In addition to the 15,000 cloth masks, the 1,480 members of the group Protect Frontline Workers have sewed 650 laundry bags for nurses, 200 scrubs and isolation gowns, and 8,700 scrub caps and ear-savers (headbands with buttons to hold face mask straps). (Submitted)

An army of volunteer sewers in B.C. has made over 15,000 masks during the COVID-19 pandemic, and organizers are now planning to create a non-profit organization to be able to organize and fundraise for the effort.

Vancouver residents Tanya Faire and Britt Dolleren Wutschnik started the group Protect Frontline Workers on Facebook, after Dolleren Wutschnik posted that a friend who works in health care was looking for a mask.

As the COVID-19 pandemic swept around the world, personal protective equipment, or PPE, became hard to find – and people stuck at home to prevent the spread of the virus were looking for a way to help.

"The comments were starting to pile up very, very quickly and it was getting kind of overwhelming. I sent her a direct message saying, 'Do you need help?'" Faire said. "We decided to start the Facebook group together and it just exploded."

In addition to the 15,000 cloth masks, the 1,480 members of the group – who range from beginner sewers to professionals – have sewed 650 laundry bags for nurses, 200 scrubs and isolation gowns, and 8,700 scrub caps and ear-savers (headbands with buttons to hold face mask straps).

Requests for the items have come in from hospitals, individual workers, care homes, organizations in the Downtown Eastside and other essential and frontline workers, Faire said. All of the items have been made by volunteers and donated to the organizations.

Most of the cloth masks have gone to groups doing work on Vancouver's Downtown Eastside, Faire said. While cloth masks don't provide the same level of protection as medical-grade masks, "our policy from day one is that we trust front-line workers to make the decision that are best for themselves."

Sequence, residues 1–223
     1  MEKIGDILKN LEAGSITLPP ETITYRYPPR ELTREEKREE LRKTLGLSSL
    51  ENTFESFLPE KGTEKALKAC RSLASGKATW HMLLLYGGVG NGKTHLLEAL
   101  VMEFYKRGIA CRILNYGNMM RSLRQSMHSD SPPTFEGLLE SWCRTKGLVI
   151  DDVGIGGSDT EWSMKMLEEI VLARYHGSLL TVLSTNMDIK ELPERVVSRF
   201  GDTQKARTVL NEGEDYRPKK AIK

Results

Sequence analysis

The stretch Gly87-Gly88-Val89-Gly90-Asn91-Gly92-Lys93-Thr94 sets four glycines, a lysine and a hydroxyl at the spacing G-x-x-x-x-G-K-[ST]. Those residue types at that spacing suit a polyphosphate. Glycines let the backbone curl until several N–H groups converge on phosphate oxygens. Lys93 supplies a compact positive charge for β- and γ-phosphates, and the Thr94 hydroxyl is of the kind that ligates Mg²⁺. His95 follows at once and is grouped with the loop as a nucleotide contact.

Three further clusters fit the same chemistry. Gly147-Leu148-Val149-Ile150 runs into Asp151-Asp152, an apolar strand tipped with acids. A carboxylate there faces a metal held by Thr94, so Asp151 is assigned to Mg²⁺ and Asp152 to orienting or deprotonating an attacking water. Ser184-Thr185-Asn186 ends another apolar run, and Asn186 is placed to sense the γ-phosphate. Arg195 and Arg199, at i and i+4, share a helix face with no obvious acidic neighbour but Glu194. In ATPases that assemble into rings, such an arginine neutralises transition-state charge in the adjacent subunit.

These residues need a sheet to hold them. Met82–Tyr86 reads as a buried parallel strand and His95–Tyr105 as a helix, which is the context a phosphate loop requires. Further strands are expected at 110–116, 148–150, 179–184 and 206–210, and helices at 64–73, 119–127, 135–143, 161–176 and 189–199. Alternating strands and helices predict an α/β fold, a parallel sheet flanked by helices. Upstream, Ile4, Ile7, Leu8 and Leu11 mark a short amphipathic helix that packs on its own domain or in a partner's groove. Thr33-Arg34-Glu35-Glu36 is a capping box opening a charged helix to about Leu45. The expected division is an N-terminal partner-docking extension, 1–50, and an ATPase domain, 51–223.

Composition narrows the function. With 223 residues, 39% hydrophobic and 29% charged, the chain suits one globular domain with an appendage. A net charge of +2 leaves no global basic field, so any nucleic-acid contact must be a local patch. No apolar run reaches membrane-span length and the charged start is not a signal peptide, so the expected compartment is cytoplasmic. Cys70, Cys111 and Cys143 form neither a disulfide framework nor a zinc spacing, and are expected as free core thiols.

"We have put a tremendous amount of effort into providing educational material, sanitation and safety guides, encouraging people to include care instructions with their PPE. There's also been a lot of effort put into which types of materials are best for certain types of PPE," Faire said, adding that some of the volunteers put in up to 60 hours a week making the items.

Beyond the Facebook group where members post sewing tips and organizations make requests for certain items, there's a group of around 10 people in the background handling distribution, product management and other administrative tasks.

The group has now created a website with forms that organizations that need PPE can fill out.

The next step, Faire said, is to create a formal non-profit organization to be able to accept donations in a transparent manner.

"It's been very challenging – but it's also been very rewarding," said Faire, who works as a project analyst for Musqueam Nation. "It's almost like we've just created this organization overnight."